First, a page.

Magazine article The Spectator

Plunging into the Hurly-Burly

Magazine article The Spectator

Plunging into the Hurly-Burly

Article excerpt

THE REST IS NOISE: LISTENING TO THE TWENTIETH CENTURY by Alex Ross Fourth Estate, £20, pp.624, ISBN 9781841154756 £16 (plus £2.45 p&p) 0870 429 6655

'Avoiding both the pigeon hole and the blackboard I have tried to trace a connecting line between the apparently diverse and contradictory manifestations of contemporary music, ' wrote the composer and conductor Constant Lambert in the preface to Music ho! , his marvellously breezy survey of modern music published in 1934. Some 70 years later, the New Yorker's brilliant critic Alex Ross has tried to do very much the same thing, covering the broader canvas of the entire 20th century and a musical hurly-burly which can no longer be drawn into a single 'connecting line': Ross' own preface talks instead of a disintegration 'into a teeming mass of cultures and subcultures'.

There is no over-arching thesis here, only the patient effort to listen to -- and make sense of -- a staggering variety of created sounds.

Like Lambert, Ross makes an urbane and companionable guide to this bizarre jungle. He writes with unfailing grace and clarity for a non-specialist audience (there is some technical stuff, but those who don't know a tone-row from their elbow will not find it wearisome) and he alludes without pretension or glibness to a wide range of aesthetic, social and political contexts.

He is enthusiastic without being pushy or naive, and his tastes are both wide and discriminating. The book is, in sum, a remarkable achievement, quite outstripping comparable surveys by the likes of Paul Griffiths, H. H. Stuckenschmidt and Wilfred Mellers.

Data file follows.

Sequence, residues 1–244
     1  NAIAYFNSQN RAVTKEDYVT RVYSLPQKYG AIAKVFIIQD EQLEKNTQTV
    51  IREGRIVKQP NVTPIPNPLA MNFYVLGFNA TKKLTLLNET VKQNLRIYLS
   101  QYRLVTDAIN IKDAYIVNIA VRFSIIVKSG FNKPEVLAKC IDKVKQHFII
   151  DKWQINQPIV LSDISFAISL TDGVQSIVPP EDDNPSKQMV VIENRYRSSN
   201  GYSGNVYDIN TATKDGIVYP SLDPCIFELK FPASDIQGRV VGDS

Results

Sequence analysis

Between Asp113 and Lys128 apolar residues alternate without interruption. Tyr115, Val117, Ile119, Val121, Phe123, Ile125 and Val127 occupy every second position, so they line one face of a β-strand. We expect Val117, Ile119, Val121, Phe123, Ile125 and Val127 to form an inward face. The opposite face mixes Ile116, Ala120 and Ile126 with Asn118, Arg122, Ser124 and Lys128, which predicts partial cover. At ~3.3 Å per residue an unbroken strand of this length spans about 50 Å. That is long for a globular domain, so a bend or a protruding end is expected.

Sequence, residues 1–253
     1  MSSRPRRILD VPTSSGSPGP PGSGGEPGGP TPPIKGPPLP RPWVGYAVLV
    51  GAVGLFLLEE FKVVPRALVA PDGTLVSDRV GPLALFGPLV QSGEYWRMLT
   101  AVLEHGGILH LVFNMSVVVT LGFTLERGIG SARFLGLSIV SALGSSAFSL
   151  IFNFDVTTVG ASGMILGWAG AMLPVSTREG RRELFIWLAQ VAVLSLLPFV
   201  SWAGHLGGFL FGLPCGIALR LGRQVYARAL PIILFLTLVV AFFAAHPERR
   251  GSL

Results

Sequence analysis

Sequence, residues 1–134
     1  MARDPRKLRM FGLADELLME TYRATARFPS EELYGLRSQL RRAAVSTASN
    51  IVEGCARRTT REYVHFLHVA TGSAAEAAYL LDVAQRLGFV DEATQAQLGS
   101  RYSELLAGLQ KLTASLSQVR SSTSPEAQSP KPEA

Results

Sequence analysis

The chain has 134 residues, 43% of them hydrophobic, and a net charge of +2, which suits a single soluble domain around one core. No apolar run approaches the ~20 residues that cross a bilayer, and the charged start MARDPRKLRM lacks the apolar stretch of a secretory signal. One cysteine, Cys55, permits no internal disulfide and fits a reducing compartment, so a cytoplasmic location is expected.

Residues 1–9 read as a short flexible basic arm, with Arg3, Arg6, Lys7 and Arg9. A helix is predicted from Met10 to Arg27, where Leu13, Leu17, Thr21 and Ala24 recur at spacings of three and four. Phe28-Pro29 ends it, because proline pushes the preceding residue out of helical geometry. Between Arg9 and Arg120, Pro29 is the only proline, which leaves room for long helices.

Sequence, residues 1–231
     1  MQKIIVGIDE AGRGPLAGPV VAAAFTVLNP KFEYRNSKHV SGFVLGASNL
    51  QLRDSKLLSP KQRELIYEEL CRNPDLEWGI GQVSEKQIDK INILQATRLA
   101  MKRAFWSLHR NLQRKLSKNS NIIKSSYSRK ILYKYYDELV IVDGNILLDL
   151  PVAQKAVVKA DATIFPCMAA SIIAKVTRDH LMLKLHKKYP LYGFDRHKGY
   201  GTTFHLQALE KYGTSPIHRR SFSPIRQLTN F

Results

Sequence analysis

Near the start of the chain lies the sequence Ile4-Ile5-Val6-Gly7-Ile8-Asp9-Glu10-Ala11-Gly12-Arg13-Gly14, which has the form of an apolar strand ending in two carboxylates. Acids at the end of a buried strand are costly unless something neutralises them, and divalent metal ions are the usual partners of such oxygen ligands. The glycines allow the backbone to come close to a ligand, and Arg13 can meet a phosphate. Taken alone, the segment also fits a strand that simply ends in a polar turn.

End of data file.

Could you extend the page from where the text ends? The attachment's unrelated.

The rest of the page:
Ross divides his history into three sections. The starting-point is unconventional ;

not the prelude to Tristan und Isolde, not the riotous première of Le Sacre du printemps, not Schoenberg's atonal Three Pieces Op.11, but the première of Salome and Strauss' uneasy relationship with Mahler ('Strauss could never comprehend Mahler's obsession with suffering and redemption. "I don't know what I'm meant to be redeemed from, " he once said'). Then come Debussy and Schoenberg, and the breakdown of tonality ('Schoenberg's atonality... may have been a kind of musical Zion, a promised land in whose dusty desert climate the Jewish composer could escape the ill-concealed hatreds of bourgeois Europe').

Stravinsky is considered alongside Bartok and Ravel, united by their interest in folk music. …

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